1865 – Over two years after the Emancipation Proclamation, slaves in Galveston, Texas, United States, are finally informed of their freedom. The anniversary is still officially celebrated in Texas and 13 other contiguous states as Juneteenth.
1867 – Maximilian I of the Mexican Empire is executed by a firing squad in Querétaro, Querétaro.
1870 – After all of the Southern States are formally readmitted to the United States, the Confederate States of America ceases to exist.
1875 – The Herzegovinian rebellion against the Ottoman Empire begins.
1910 – The first Father’s Day is celebrated in Spokane, Washington.
1934 – The Communications Act of 1934 establishes the United States’ Federal Communications Commission (FCC).
1943 – Race riots occur in Beaumont, Texas.
1944 – World War II: First day of the Battle of the Philippine Sea.
1953 – Julius and Ethel Rosenberg are executed at Sing Sing, in New York.
1961 – Kuwait declares independence from the United Kingdom.
1964 – The Civil Rights Act of 1964 is approved after surviving an 83-day filibuster in the United States Senate.
1966 – Shiv Sena a political party in India is founded in Mumbai.
1970 – The Patent Cooperation Treaty is signed.
1974 – A female resident of Bellevue, Washington, becomes the first person to be saved by the Heimlich maneuver.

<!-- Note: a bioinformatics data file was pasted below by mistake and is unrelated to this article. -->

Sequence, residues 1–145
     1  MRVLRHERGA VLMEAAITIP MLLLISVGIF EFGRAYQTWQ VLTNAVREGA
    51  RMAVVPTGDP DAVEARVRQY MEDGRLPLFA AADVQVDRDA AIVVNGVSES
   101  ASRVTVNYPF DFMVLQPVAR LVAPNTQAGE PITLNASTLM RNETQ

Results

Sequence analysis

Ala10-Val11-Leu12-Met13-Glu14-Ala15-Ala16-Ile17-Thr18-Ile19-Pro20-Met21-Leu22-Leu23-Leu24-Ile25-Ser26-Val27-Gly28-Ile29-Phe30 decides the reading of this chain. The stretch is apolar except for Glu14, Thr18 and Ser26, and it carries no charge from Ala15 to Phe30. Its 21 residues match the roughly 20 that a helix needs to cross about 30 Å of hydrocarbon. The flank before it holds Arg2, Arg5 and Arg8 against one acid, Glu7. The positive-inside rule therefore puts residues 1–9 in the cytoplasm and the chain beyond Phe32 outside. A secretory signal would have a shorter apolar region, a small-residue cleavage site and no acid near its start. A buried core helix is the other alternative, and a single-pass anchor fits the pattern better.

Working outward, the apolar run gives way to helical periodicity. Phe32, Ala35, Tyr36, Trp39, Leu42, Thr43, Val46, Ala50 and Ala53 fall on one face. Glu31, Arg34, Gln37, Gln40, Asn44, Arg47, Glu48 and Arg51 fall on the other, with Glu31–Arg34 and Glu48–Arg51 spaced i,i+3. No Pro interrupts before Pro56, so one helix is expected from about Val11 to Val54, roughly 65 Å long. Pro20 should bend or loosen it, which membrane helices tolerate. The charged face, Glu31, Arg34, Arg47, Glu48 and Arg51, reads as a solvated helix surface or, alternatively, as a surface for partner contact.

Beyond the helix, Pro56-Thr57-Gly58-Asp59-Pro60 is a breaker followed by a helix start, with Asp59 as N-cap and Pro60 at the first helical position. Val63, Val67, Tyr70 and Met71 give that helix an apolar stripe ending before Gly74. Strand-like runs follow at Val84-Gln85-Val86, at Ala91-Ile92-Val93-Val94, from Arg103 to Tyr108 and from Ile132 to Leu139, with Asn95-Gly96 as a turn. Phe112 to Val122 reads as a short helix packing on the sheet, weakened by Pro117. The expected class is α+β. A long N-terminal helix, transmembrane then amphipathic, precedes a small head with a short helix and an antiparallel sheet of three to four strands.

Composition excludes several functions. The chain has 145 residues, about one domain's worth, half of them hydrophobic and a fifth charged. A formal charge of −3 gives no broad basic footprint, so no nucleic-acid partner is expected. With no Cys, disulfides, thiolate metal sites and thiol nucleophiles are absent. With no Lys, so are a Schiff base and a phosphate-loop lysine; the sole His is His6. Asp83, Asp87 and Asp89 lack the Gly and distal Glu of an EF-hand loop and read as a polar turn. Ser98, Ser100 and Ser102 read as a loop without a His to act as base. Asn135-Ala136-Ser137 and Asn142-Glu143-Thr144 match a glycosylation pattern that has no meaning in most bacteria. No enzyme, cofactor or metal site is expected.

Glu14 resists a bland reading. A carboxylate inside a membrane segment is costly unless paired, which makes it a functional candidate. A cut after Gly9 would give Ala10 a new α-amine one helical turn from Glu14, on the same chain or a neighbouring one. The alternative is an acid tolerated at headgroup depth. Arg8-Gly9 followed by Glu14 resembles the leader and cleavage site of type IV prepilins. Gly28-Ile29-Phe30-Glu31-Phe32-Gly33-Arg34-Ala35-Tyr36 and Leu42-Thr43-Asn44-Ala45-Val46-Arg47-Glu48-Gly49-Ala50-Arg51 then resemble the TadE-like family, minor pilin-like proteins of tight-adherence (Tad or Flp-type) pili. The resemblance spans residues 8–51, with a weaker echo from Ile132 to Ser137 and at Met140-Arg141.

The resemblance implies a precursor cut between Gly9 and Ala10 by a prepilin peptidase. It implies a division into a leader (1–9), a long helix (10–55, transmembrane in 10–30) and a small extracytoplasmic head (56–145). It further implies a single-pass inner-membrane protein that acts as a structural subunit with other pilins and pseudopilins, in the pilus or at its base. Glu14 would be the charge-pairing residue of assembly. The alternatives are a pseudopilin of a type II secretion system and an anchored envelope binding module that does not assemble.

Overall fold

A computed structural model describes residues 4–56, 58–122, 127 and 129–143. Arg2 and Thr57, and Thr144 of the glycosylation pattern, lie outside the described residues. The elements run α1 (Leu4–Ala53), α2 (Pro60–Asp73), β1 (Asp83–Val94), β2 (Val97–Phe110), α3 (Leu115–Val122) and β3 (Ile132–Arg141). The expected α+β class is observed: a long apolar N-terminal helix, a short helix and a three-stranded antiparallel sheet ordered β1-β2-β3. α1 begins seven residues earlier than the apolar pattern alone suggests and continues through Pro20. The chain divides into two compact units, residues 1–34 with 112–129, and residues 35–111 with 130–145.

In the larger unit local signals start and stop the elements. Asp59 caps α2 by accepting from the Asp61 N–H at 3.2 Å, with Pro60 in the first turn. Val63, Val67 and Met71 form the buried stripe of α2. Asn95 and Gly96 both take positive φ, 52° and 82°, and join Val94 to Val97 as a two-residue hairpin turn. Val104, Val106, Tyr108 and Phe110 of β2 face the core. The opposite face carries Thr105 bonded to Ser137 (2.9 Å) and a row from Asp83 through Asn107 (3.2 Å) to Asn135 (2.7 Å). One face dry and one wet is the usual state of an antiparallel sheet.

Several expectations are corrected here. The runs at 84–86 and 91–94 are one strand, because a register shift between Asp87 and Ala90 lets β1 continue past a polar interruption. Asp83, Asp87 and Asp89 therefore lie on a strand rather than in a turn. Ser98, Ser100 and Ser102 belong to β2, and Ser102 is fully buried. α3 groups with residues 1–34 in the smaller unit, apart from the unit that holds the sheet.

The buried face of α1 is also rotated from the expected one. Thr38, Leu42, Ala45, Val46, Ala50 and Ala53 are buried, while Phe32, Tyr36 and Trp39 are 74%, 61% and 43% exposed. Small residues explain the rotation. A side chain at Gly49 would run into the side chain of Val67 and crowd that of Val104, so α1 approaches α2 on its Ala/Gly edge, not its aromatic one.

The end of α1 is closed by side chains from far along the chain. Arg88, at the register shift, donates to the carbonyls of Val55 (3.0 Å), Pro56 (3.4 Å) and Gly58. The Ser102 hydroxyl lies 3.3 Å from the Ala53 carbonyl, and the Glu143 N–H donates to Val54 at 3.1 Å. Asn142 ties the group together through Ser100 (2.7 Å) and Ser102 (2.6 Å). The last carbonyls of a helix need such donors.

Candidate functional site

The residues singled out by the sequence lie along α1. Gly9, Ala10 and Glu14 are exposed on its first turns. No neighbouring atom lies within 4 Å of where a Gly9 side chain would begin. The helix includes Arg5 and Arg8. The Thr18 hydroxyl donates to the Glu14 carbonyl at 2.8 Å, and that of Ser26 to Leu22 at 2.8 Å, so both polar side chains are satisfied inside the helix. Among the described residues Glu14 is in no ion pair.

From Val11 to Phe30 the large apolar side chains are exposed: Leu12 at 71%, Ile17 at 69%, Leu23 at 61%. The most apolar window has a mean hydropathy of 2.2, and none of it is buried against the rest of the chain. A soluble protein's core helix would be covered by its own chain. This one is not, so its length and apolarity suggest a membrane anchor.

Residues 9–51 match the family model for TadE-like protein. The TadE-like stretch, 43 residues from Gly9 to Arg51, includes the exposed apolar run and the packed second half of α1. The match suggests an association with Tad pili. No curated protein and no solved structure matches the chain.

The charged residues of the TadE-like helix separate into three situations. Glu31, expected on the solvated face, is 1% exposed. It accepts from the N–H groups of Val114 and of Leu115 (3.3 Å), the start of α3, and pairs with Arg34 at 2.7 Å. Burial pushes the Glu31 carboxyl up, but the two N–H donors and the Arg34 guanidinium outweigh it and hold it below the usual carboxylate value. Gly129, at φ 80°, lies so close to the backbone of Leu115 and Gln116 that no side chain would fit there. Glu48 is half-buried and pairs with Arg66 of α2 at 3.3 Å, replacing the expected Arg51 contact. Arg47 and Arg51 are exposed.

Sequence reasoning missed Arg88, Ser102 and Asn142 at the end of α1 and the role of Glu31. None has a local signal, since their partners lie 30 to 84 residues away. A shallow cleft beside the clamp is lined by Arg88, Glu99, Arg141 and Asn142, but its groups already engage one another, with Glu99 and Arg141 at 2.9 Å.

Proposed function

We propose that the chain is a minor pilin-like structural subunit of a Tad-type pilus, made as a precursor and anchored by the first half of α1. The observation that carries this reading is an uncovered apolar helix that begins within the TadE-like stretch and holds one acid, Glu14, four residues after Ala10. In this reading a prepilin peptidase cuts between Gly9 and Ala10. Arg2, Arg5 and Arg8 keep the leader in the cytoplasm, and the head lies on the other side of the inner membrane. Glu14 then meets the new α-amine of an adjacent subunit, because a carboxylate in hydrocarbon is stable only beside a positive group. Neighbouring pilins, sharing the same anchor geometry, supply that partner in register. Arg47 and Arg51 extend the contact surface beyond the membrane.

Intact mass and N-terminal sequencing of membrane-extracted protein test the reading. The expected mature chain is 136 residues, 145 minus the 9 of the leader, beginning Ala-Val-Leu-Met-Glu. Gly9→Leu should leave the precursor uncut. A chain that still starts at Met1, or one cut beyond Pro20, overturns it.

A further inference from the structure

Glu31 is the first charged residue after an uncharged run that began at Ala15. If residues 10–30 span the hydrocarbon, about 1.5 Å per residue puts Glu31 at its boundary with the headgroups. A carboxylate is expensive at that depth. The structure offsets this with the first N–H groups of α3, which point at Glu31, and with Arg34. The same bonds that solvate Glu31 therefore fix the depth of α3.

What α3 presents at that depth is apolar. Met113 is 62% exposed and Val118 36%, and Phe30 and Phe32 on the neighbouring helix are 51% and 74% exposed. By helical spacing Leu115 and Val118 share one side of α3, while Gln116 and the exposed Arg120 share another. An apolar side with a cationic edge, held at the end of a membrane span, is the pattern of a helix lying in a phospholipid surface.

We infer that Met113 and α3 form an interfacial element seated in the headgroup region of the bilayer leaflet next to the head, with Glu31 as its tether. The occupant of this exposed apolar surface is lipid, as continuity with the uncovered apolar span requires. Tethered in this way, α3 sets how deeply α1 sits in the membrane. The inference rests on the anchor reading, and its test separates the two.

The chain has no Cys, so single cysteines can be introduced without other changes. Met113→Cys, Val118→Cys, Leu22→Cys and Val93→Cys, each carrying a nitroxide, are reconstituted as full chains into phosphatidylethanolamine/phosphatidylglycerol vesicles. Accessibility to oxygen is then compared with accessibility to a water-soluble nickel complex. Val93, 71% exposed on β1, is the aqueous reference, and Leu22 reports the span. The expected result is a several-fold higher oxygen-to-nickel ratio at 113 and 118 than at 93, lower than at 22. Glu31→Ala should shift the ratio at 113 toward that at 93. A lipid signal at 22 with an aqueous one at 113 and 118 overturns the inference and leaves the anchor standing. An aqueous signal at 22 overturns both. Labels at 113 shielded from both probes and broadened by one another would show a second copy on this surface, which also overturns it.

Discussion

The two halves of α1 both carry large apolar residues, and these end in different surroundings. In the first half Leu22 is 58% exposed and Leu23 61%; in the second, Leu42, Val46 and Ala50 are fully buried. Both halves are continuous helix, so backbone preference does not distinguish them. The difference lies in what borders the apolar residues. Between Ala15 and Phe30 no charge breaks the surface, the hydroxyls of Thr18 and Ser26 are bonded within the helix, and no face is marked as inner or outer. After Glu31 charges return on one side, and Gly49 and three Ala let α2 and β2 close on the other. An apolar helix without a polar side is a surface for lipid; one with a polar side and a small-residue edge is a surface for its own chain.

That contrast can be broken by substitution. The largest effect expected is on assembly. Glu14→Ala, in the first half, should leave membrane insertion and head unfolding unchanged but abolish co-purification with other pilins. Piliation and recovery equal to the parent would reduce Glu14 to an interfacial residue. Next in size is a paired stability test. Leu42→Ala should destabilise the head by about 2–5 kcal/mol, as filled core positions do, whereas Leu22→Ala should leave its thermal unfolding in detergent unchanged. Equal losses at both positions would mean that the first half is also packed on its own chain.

1978 – Garfield appears in his first comic strip.
1982 – In one of the first militant attacks by Hezbollah, David S. Dodge, president of the American University in Beirut, is kidnapped.
1982 – The body of God’s Banker, Roberto Calvi is found hanging beneath Blackfriars Bridge in London.
1987 – Basque separatist group ETA commits one of its most violent attacks, in which a bomb is set off in a supermarket, Hipercor, killing 21 and injuring 45.
1990 – The current international law defending indigenous peoples, Indigenous and Tribal Peoples Convention, 1989, is ratified for the first time by Norway.
2006 – Prime ministers of several northern European nations participate in a ceremonial “laying of the first stone” at the Svalbard Global Seed Vault in Spitsbergen, Norway.
* Birthday of José Gervasio Artigas (Uruguay)
* Christian Feast Day:
* Gervasius and Protasius (Roman Catholic Church)
* Juliana Falconieri
* June 19 (Eastern Orthodox liturgics)
* Day of the Independent Hungary (Hungary)
* Feast of Forest (Palawan)
* Juneteenth (United States, especially African Americans)
* Labour Day (Trinidad and Tobago)
* Laguna Day (Laguna)
* Never Again” Day and Birthday of José Gervasio Artigas (Uruguay)
* Surigao del Sur Day (Surigao del Sur)
* World Sickle Cell Day (International)